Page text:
In asserting once again that prosperity and fairness must be intertwined in the impact and allocation of such investment. Once again the ball is in Irish America’s court to again assert and require that hope and opportunity must be within the grasp of all. That this is the time for long overdue change in the daily realities of exclusion and that this is good for business and good for peace.

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Filed under belfast, Derry, human rights, Inez McCormack, ireland, Irish peace process, MacBride Principles

Belfast mother appeals to Iraqi Government

From the Pat Finucane Centre:

Following the decision  of the Iraqi government to expel private security company Blackwater*from the country Belfast mother Jean Mc Bride has appealed to the Iraqis to ‘also show the door’ to British company Aegis Defence Services.   The CEO of Aegis is former Scots Guards officer and mercenary Tim Spicer. Soldiers under Spicer’s command murdered 18 year old Peter Mc Bride in Belfast in 1992 yet Spicer refused to accept that his soldiers did wrong in shooting an unarmed teenager in the back in broad daylight.

Spicer’s private security/mercenary company Aegis has been embroiled in controversary since winning a major security contract in Iraq. In 2005 an ex employee posted a video on the internet which showed an Aegis security team opening fire at random on civilian vehicles in Baghdad.

Speaking today Mrs Mc Bride said,

“The Iraqis have revoked Blackwater’s license to work in Iraq after it emerged that employees opened fire and killed civilians. I would urge the Iraqi Government to also show the door to Aegis and revoke its license. Its employees have been filmed shooting at civilians and neither the company nor the Pentagon bothered to carry out a proper investigation. The CEO of Aegis, Tim Spicer, is on public record as saying that the soldiers who were convicted in a court of law of shooting my son should not even have been charged. I have said repeatedly that Tim Spicer is not fit to be in charge of armed men in a conflict situation. I have now written to Dr. Salah Al-Shaikhly, the Iraqi  Ambassador to Britain and Ireland to make this point and I would appeal to those who have supported my family to date including Gerry Adams MP, Mark Durkan MP and the Irish Foreign Minister Dermot Ahern TD to raise this with the Iraqi Ambassador.

Mrs Mc Bride has also welcomed the announcement that the US Congress is to hold hearings into the use of private security/mercenary companies in Iraq. Earlier this week Henry Waxman, the Democratic chairman of the House Oversight and Government Reform Committee said, “The controversy over Blackwater is an unfortunate demonstration of the perils of excessive reliance on private security contractors”. He said his committee would hold hearings on the issue. A number of prominent lawmakers in the US including Barack Obama have called for an inquiry into Aegis following representations on behalf of Mrs Mc Bride.

For info contact the Pat Finucane Centre at 02871 268846

see http://www.patfinucanecentre.org for extensive background on Aegis and the Peter Mc Bride case

· Blackwater was ordered to leave Iraq following an incident earlier this week when, according to Iraq’s interior ministry, “eight civilians were killed and 13 wounded when Blackwater contractors opened fire on civilians in the predominantly Sunni neighbourhood of Mansour in western Baghdad after mortar rounds landed near their convoy.” The US has promised an investigation however most commentators would be sceptical of any ‘investigation’. Similar allegations into the conduct of Aegis employees were brought to the attention of the US Consul in Belfast, Howard Dean Pitman and the US Special Envoy to Ireland, Mitchel Reiss in meetings with Jean Mc Bride. Neither diplomat honoured commitments made to Jean Mc Bride at the time.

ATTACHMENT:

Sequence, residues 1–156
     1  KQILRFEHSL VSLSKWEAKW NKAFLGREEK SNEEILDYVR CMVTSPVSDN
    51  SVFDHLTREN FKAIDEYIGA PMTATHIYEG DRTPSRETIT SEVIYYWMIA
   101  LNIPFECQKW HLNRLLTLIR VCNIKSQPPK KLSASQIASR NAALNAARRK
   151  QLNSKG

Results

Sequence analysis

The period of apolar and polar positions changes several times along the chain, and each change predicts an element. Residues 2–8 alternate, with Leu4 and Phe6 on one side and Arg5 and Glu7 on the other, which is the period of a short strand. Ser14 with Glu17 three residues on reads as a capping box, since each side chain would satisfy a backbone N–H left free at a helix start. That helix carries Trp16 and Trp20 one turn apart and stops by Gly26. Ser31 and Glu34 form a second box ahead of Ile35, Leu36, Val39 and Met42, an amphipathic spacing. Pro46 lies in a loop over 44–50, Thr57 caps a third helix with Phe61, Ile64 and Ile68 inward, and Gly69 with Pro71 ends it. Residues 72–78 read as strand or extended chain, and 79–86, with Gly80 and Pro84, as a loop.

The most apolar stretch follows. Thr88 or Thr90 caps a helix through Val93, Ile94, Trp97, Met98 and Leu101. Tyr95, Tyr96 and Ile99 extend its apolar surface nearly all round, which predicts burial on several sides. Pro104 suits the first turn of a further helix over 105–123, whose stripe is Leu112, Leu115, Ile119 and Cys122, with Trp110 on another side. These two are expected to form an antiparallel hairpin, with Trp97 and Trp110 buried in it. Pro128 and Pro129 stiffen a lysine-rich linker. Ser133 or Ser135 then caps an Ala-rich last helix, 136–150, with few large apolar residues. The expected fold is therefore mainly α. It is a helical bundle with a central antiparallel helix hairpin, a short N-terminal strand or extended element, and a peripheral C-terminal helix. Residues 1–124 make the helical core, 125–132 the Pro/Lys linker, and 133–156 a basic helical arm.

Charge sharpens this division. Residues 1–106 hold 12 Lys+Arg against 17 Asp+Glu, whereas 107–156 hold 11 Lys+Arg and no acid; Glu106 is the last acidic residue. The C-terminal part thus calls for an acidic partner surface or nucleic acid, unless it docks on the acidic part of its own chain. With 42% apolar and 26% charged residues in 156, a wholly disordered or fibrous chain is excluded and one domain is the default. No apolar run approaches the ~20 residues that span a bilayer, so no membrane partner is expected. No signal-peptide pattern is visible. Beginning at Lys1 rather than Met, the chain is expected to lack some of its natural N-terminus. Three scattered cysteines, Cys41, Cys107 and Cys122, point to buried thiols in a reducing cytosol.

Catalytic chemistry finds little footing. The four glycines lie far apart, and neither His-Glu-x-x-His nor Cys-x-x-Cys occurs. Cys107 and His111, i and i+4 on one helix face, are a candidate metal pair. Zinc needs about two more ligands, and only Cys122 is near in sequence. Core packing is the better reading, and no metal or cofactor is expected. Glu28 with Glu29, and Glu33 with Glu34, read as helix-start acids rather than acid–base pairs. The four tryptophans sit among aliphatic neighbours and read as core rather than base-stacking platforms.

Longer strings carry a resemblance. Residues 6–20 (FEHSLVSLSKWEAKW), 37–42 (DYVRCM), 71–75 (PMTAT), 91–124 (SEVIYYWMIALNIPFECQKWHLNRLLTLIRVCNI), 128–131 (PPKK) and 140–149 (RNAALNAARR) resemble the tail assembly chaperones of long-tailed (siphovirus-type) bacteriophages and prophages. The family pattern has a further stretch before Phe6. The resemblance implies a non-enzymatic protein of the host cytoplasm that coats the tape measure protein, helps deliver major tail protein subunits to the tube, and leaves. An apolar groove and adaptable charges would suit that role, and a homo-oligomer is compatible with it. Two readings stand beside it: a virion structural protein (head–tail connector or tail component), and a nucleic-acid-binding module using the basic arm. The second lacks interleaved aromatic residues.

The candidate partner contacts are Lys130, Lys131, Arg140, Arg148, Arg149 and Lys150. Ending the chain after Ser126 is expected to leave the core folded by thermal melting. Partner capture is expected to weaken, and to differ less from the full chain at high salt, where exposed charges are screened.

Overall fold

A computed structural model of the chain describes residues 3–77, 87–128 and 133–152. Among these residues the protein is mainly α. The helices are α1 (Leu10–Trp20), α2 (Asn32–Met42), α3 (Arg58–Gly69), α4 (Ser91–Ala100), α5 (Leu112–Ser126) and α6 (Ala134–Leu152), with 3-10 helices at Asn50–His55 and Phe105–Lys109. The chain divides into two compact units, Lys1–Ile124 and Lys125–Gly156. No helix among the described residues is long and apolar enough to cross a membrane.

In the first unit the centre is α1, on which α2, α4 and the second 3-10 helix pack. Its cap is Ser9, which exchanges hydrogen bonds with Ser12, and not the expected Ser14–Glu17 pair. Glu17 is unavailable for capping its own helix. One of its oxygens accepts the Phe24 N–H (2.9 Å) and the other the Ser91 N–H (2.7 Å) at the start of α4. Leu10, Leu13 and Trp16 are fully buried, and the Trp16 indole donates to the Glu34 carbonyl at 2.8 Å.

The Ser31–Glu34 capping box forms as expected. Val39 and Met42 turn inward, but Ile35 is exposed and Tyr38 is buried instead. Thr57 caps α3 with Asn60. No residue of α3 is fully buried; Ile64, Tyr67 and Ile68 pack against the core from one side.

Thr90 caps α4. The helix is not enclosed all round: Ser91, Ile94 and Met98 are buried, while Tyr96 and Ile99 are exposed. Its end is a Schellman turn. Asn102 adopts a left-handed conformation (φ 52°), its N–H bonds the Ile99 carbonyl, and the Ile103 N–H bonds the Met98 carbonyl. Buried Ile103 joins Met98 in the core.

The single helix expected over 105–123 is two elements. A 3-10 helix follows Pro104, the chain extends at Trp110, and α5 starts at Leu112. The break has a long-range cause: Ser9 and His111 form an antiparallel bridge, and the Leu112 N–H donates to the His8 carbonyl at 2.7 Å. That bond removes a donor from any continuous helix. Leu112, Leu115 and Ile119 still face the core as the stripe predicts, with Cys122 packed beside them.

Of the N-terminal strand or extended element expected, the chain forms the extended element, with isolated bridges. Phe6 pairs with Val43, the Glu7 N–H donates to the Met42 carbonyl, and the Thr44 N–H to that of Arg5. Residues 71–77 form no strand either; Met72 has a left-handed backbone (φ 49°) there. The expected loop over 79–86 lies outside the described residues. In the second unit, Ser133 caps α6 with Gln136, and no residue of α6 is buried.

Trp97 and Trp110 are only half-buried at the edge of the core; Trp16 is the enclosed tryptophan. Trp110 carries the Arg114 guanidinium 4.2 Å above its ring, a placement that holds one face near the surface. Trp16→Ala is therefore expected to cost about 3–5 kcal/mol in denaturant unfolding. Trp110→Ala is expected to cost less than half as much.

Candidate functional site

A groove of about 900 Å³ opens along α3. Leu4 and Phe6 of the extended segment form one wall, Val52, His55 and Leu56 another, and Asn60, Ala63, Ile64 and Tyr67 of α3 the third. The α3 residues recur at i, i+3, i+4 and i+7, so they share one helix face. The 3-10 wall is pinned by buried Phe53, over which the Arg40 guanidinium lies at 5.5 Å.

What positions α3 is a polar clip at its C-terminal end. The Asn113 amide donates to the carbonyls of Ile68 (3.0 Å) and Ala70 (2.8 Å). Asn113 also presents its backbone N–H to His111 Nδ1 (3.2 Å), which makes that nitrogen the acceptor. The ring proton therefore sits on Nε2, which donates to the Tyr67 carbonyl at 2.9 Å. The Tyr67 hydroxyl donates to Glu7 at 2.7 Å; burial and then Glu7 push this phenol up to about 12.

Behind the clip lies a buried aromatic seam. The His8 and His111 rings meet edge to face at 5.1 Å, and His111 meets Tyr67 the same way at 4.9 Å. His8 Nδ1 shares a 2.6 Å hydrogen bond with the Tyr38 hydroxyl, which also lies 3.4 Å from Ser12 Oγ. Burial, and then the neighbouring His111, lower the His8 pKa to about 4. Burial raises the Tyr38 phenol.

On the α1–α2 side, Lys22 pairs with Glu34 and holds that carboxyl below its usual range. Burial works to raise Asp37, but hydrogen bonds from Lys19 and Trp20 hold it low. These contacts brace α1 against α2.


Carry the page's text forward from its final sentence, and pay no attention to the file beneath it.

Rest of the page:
Lobby for US Senate/Congressional Hearings into the Aegis contract. In 2004, Spicer’s new mercenary firm Aegis won a major security in Iraq. What role did two former British officers working for the Coalition Provisonal Authority, Brigadier General Anthony Hunter-Choat and Brigadier General James Ellery, play in the award of the contract to Aegis?

Ellery went on to head the Baghdad office of Aegis, which was later heavily criticised by US Government auditors who found the company could not prove that its armed employees received proper weapons training or that it had vetted Iraqi employees.

Contact Details

Contact Congressman Henry Waxman who intends to hold hearings on the use of private security/mercenary companies.http://www.house.gov/waxman/

To find a Senator visit: http://www.senate.gov Telephone numbers for Senators can be found at: http://www.senate.gov/general/resources/pdf/senators_ph…t.pdf List of mailing addresses for all Senators: http://www.senate.gov/general/contact_information/senat…m.cfm To find your Members of Congress visit: http://www.house.gov Telephone Numbers of all offices: http://clerk.house.gov/members/ttd_109.pdf Mailing labels/list of addresses to send letters to each Member of Congress in MicroSoft Word format: http://clerk.house.gov/members/wordmemberlabels.doc Websites of U.S. Embassies, Consulates, and Diplomatic Missions: http://usembassy.state.gov/

Contact Derry office info@patfinucanecentre.org or Newry office newry@patfinucanecentre.org  Please delete all other PFC emails. Website http://www.patfinucanecentre.org

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Filed under aegis defence services, belfast, human rights, Iraq, ireland, middle east, Pat Finucane Centre, Peter McBride, private military contractors, tim spicer, war

Stop the deportation of the McAllister family

Malachy with Police Ombudsman Nuala O’LoanMatt Morrison, a former Irish republican political prisoner and current Political Action Chair of the Irish American Unity Conference, issued this statement in response to the announcement that Malachy McAllister and his sons may be deported in 2 weeks time: